When I was 15 years old, I was asked if I would like to coach one of the PeeWee house league baseball teams in my home organization in Leaside. I was lucky enough to have been playing for six years and had some terrific coaches who taught me a lot about the game. I was really keen to be a coach and the PeeWee house league was very competitive. It had regular sponsors that had put their names on the front of the jerseys for years. Teams like Canada Wire, VIPS (which we later learned was Humphrey Funeral Home), Heinig BP and Richardson’s for Sports to name a few competed hard for the championship each year. The league had a select team that was the de facto rep team for Leaside so all the best players had to play house league too - which upped the ante in all of the games.
Interestingly, the house league actually had a real draft before the season for all the new players entering the league (returning players stayed with their team). Being new, not knowing the routine, and being a little competitive, I called all of the players on the draft list beforehand and asked if they had played baseball before, what position they wanted to play and whether they played other sports. This allowed me to make my personal “priority” draft list and make sure I had all positions covered once all the selections had been made.
As the draft began, I was shocked at some of the players that the other coaches were picking. Clearly they must have learned things in the pre-draft “scouting” that I had missed as some of the players weren’t very high on my list. What I didn’t know was that no other coaches even thought about calling all the players. This was house league for goodness sake. Needless to say, my team was pretty stacked come pre-season as I managed to draft almost all of the top athletes in the pool. By my third practice, the PeeWee convener took me aside and asked how I managed to get so many great players on my team. I told him I called everyone to explore their athletic background before the draft. The convener chuckled, told me I had done a good job, and then proceeded to make some “trades on my behalf” with other teams to even out the league.
I had a great season that year. We were still pretty good even after the forced trades. We may have won the championship - it doesn’t really matter now. But, I had my first taste of coaching.
I was thinking about that team as I have “connected” on LinkedIn with a few players who I coached back then. Scott Adams was one of my two best players, both of whom happened to be left handed. They were both excellent pitchers but when they weren’t on the mound I would play them at shortstop and third base. Here is where I had my first run in with a parent. I had one father whose son wanted to play third base - and he did when one of the lefties was on the mound. But it used to drive this parent nuts when I played two left handed players on the left side of the infield - something totally against baseball norms (because you have to turn to throw to first base). Suffice it to say, I learned a lot from that year of coaching. I loved it. I loved teaching the game of baseball and I really enjoyed being with the players.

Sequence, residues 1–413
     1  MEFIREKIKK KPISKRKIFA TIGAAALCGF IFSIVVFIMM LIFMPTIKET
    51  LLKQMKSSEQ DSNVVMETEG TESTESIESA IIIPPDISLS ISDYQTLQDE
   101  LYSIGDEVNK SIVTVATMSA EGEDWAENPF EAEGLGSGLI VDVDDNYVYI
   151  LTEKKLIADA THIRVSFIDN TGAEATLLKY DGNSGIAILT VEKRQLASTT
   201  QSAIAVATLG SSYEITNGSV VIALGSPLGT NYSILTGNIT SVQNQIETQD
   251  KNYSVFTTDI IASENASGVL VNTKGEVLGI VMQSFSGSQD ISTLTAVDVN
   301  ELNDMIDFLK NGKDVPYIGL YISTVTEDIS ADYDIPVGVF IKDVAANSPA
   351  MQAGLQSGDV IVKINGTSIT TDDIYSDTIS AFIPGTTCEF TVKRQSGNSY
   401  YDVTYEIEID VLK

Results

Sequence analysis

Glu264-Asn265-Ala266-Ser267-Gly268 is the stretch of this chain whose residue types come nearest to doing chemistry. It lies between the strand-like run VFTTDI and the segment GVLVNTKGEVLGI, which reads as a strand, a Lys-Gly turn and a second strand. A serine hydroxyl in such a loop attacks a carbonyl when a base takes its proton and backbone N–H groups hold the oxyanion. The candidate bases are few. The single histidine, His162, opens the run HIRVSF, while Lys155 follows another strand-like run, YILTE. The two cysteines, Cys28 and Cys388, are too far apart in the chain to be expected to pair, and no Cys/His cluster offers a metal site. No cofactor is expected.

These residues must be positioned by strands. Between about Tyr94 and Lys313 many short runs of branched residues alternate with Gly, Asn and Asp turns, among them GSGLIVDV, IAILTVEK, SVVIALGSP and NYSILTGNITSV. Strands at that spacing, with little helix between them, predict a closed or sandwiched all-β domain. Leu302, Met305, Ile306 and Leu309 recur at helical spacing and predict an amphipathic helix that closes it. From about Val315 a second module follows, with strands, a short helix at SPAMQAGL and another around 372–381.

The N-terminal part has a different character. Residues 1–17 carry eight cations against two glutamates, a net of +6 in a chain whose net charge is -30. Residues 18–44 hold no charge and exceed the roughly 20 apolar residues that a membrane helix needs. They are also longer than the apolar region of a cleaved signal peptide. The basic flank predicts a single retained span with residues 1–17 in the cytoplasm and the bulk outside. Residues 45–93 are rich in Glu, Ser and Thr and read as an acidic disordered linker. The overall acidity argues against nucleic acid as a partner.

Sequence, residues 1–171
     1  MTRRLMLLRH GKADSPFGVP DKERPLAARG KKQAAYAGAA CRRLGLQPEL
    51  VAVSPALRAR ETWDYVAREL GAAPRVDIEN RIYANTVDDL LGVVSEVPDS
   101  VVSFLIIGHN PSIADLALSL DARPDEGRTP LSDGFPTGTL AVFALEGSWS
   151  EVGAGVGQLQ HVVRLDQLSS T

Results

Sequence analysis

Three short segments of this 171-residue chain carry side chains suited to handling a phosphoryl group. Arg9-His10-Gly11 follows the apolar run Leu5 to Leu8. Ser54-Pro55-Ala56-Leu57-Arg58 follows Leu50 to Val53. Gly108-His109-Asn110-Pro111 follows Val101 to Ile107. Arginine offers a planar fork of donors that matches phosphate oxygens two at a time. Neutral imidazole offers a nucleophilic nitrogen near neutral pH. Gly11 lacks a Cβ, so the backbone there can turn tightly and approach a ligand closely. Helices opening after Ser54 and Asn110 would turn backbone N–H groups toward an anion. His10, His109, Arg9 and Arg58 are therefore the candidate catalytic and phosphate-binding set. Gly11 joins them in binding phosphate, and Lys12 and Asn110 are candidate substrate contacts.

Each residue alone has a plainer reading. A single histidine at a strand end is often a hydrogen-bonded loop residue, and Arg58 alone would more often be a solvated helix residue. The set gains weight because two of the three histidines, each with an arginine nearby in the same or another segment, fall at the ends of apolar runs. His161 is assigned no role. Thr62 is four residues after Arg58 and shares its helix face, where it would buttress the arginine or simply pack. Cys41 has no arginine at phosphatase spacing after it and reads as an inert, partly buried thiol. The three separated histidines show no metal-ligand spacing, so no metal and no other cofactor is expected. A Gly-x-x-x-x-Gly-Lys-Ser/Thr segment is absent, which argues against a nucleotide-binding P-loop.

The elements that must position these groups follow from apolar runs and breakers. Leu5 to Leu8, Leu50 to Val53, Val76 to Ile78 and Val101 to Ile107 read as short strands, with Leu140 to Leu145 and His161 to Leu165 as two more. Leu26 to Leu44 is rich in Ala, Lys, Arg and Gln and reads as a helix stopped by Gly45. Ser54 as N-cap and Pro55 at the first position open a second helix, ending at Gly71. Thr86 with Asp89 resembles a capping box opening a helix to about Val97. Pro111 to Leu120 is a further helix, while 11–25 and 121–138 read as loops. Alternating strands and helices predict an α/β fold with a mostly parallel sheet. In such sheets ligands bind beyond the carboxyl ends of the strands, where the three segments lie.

I ended up coaching this group through Bantam and Midget. I was two years older than them and often they were called up to play with my team when we needed players - something I really enjoyed. Scott Adams was one of those players that we called up. He was a terrific pitcher and to this day I have not seen a better move to first base. There would be innings when he would strikeout the first two batters and then walk the third just so he could pick him off on first.
Scott commented on one of my blog posts a few weeks ago on the use of the “trap” in hockey with the teams he coaches. I was extremely happy to see his comment really for two reasons: first, that he had actually read my post but most importantly, that he is coaching - and clearly enjoying what he is doing.
Some things that coaches say always stick with you. My high school hockey coach Brian Proctor told our team once that his goal of coaching was that we “would learn about the game of hockey, enjoy watching it more when we were done playing, and pass our knowledge onto our kids.” This has always stuck with me and I hope that my players learn about the game and pass it on to their kids one day too.
My longwinded point to this blog is that as coaches, we need to encourage our players to one day give back to the game. In a time when we are truly desperate for people to put up their hands and volunteer to coach, it would be great to see young people, once they have finished playing, find ways to become an assistant coach or head coach, and learn about how to teach the game and direct a group of players. It is fun and a great transition from playing a game you love. There are many skills that are very transferable to the business world: effective communication, leadership and working with others in a team setting. And…it looks terrific on a résumé.
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